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“The Unseen Seen”: Reiner Riedler’s Photos of Film Reels

This Was Our Rommel, 1953, cellulose nitrate, 35mm

by
in Filmmaking
on May 28, 2014

Very neat: Reiner Riedler has come up with a new way to look at the death throes of 35mm. Granted access by the Deutsche Kinemathek to its archives, Riedler photographed a broad cross-section of movies — features and trailers, original negatives and copies, preserved and decayed, nitrate and acetate — in their increasingly-rarely-seen state as coiled reels around a core. “I drew up a list of well-known films and those with unusual titles,” Riedler explained to Design Boom. “I set up a little photo studio inside the cinema of the archive and backlit the film rolls by installing film lights behind the objects, lighting each roll in the same way for continuity. The result was a collection of images of a few hundred filmrolls.”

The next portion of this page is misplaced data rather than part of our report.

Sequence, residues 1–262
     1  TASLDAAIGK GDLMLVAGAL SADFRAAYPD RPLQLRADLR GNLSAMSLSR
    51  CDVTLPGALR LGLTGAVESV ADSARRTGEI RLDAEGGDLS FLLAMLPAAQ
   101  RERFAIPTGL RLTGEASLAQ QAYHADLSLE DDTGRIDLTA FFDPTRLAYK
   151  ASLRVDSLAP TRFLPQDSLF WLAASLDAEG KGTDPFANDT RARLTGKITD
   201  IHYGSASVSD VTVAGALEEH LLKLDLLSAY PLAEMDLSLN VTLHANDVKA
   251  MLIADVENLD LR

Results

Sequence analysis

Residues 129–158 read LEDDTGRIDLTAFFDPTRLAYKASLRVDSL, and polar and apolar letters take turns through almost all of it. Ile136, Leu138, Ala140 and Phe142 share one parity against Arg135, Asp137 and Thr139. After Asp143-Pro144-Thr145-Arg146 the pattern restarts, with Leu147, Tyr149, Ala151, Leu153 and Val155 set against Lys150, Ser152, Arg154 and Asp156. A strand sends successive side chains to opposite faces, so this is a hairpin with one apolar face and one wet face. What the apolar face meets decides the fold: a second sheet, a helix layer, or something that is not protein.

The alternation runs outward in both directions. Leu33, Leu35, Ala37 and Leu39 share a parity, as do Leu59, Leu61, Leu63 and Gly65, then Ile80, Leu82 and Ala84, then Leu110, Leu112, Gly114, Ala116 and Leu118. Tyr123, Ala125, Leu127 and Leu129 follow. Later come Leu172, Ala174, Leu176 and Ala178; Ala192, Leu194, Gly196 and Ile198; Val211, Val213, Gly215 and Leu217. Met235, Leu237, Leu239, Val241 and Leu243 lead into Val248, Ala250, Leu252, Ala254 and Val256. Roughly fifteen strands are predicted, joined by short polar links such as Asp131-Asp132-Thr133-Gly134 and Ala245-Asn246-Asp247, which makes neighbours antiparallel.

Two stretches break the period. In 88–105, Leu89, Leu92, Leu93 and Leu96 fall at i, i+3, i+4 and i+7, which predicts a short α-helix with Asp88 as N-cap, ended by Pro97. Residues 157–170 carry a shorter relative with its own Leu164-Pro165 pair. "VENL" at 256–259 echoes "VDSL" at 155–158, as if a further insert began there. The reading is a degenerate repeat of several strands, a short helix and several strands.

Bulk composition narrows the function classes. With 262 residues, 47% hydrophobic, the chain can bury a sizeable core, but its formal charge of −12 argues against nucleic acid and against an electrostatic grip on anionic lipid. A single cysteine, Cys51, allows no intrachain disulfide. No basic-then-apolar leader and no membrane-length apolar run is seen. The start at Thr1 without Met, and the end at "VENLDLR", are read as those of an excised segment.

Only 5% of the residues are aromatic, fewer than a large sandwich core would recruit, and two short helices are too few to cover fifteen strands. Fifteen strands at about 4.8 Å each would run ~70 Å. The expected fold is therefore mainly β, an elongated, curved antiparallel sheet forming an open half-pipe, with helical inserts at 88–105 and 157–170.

The results, as noted by Volkmar Ernst in the Kinemathek’s catalogue accompanying the exhibition, “display an aesthetics and uniqueness familiar to only a small circle of archivists and projectionists.” The admirably broad cross-section ranges from established classics (Casablanca, Alien) to works from more marginalized figures (Harun Farocki, Rosa von Praunheim). You can browse a full gallery of the resulting photos at Riedler’s website, which also includes his photos from the set of Ulrich Seidl’s Paradise trilogy. European readers take note: the photos are currently on display at the Galerie Hengevoss-Dürkop in Hamburg.

Emmanuelle trailer, 1974, cellulose acetate, 35mm

Emmanuelle trailer, 1974, cellulose acetate, 35mm

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